Tiny ghosts from outer space
Neutrinos travel in straight lines, passing right through almost every kind of matter without changing direction. That means “we can use these particles to bring us information from regions of space that other things can’t,” explains Doug Cowen, an IceCube scientist at Pennsylvania State University in University Park.
Take the area around black holes, for example. Believed to exist at the core of most galaxies, black holes are ultra-compact objects with a mass millions to billions of times that of our sun. They’re difficult to study because they absorb most kinds of radiation, including visible light. If light from a black hole doesn’t get to Earth, then we can’t “see” it.
Scientists suspect that when supermassive black holes “eat” some nearby matter, powerful jets of energy escape into space. The jets can quickly create a stream of high-energy neutrinos, which travel in an everlasting straight beam through space. Other particles might also escape a black hole, but they can be quickly absorbed by dust or deflected by electromagnetic fields.
When an instrument like IceCube detects high-energy neutrinos, scientists can trace the straight line backwards to pinpoint its parent black hole. The neutrinos’ path through the detector will serve, like an arrow, to point at the black hole. Once astronomers know where to look, they can then use other instruments to study the black hole.
Scientists can use the same technique to find exploding stars. The most common type of neutrino forms within the cores of stars like our sun. When the star “dies,” it can explode into a bright ball called a supernova. Like black holes, supernovas are difficult to observe. The sky is big and only two or three supernovas may occur in our galaxy every century. What’s more, their explosions may last only a few seconds. But like black holes, supernovas eject streams of neutrinos, which can serve as a sort of energy “fingerprint” by which the supernova can be traced.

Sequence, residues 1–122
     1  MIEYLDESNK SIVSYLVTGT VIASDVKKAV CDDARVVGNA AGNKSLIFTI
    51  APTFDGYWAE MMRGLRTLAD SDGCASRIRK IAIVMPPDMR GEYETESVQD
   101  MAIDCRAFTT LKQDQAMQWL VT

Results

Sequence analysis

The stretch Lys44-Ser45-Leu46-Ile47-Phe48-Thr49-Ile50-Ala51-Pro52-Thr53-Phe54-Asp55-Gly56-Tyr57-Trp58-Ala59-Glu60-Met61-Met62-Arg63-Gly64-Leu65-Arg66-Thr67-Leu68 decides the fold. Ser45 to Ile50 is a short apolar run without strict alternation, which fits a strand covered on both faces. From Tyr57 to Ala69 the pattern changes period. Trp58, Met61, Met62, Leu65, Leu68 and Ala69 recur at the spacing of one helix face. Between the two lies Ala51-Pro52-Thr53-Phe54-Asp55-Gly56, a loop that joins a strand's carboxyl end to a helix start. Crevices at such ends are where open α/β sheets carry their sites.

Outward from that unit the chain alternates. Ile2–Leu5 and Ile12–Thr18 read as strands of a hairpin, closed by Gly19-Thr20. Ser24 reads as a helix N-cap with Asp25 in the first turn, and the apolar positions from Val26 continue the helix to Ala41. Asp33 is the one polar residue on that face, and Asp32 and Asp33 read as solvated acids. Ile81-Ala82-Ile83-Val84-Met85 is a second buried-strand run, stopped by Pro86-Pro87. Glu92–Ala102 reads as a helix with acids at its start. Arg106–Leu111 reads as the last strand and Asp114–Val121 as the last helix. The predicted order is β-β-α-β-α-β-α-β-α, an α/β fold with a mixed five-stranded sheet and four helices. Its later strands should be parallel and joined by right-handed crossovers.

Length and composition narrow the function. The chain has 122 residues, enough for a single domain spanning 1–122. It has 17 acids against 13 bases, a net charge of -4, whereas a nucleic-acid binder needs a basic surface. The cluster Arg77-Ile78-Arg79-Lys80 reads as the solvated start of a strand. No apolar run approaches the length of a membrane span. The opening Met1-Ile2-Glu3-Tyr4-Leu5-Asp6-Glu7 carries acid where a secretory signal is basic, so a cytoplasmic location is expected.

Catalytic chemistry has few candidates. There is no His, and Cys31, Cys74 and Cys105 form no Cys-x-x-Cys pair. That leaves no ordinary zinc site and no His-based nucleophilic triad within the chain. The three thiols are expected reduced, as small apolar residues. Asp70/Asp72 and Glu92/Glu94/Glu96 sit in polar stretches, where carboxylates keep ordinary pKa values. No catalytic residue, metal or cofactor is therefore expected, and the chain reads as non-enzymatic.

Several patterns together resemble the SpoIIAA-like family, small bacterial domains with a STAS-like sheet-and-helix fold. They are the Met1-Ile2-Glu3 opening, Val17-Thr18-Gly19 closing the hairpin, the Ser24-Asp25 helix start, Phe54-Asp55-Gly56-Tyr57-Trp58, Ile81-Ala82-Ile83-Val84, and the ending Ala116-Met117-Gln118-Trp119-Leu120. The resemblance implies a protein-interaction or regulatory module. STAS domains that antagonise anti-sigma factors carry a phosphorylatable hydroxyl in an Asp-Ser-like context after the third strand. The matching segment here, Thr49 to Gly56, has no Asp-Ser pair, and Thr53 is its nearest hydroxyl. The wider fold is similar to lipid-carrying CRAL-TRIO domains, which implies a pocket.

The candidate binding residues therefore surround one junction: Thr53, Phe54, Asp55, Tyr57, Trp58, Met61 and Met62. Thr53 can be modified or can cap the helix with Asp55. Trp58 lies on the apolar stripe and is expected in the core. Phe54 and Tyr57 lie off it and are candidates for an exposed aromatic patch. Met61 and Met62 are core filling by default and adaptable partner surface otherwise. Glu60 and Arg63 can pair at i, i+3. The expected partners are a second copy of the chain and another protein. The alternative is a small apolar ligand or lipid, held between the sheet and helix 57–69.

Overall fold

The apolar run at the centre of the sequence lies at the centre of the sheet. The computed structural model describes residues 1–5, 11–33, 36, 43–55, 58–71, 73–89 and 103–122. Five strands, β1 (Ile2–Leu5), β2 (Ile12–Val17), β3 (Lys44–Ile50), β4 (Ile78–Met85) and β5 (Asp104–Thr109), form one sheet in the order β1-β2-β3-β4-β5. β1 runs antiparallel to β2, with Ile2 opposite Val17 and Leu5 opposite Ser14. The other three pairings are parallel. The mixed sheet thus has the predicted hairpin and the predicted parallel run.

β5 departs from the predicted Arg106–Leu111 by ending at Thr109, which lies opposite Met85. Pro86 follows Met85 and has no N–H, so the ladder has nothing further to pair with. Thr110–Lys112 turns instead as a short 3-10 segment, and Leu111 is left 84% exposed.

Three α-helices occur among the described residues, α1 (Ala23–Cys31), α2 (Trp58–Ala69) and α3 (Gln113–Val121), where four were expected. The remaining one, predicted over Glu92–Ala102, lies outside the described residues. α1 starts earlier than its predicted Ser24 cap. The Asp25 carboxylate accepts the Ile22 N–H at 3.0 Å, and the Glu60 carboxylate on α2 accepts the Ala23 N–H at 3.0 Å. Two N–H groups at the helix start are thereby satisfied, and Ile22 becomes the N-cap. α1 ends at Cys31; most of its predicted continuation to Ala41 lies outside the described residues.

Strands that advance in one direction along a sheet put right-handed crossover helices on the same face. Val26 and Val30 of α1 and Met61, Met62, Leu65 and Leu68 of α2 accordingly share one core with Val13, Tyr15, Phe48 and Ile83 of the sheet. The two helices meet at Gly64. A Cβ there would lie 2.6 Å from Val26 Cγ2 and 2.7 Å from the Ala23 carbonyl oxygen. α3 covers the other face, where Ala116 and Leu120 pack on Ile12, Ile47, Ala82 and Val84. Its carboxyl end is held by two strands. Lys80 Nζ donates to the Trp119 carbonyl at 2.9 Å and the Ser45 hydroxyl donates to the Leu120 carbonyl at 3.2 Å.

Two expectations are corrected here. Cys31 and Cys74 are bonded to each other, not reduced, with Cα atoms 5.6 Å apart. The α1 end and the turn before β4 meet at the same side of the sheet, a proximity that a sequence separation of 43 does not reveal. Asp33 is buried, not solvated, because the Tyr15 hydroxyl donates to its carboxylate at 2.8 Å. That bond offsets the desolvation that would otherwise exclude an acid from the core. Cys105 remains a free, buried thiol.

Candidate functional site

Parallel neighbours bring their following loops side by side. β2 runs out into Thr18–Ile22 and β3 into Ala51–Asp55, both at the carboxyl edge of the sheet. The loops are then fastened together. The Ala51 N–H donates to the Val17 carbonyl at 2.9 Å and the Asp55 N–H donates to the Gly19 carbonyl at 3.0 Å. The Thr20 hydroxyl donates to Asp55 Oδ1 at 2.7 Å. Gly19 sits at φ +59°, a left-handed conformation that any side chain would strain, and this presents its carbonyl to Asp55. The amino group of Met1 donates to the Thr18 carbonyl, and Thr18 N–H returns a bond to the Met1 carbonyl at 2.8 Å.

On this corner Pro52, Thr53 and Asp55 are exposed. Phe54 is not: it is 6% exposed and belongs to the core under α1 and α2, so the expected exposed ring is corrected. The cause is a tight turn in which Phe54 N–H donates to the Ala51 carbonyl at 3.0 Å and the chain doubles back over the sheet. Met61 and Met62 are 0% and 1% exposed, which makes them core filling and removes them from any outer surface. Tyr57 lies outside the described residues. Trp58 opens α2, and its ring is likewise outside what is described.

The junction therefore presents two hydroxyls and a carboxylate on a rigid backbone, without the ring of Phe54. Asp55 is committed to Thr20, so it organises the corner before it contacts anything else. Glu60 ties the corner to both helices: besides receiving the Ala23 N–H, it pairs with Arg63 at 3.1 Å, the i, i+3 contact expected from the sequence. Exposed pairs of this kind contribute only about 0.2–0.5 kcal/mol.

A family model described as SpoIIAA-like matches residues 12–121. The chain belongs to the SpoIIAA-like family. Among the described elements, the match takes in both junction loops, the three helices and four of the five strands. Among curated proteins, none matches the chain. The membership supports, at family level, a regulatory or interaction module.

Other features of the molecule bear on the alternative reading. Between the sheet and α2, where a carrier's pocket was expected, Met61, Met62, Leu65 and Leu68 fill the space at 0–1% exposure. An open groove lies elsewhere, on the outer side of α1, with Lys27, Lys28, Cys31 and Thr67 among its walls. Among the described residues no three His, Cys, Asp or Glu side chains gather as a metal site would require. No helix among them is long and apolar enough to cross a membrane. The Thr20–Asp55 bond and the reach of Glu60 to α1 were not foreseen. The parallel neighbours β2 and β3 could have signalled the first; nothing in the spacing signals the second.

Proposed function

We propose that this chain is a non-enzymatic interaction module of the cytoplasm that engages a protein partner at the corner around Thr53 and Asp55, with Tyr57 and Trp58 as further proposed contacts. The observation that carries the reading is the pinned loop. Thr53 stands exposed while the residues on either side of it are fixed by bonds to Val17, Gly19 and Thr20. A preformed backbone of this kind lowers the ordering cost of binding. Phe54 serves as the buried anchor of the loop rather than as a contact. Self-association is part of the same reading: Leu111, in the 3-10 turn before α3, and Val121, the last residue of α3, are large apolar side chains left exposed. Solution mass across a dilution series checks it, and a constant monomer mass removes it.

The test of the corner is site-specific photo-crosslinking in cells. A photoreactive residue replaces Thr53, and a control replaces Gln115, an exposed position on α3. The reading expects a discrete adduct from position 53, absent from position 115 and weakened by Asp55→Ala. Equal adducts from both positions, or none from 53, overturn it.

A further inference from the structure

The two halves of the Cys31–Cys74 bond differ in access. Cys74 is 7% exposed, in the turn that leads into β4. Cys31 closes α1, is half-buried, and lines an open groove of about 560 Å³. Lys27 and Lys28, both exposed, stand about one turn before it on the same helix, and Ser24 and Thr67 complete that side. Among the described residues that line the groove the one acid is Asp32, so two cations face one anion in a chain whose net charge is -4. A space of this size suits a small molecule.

Neutrinos from supernovas, however, have much less energy than those spewed by black holes. That’s one way scientists can tell them apart.
In 1987, astronomers found a nearby supernova. The stream of neutrinos it had emitted were detected all around Earth. Those neutrinos arrived at the Earth a few hours before light from the supernova did, apparently because the neutrinos weren’t slowed down through interactions with dust and other matter along the way. So neutrinos can provide a first alert for astronomers, suggesting where they should point their telescopes to catch major upcoming events.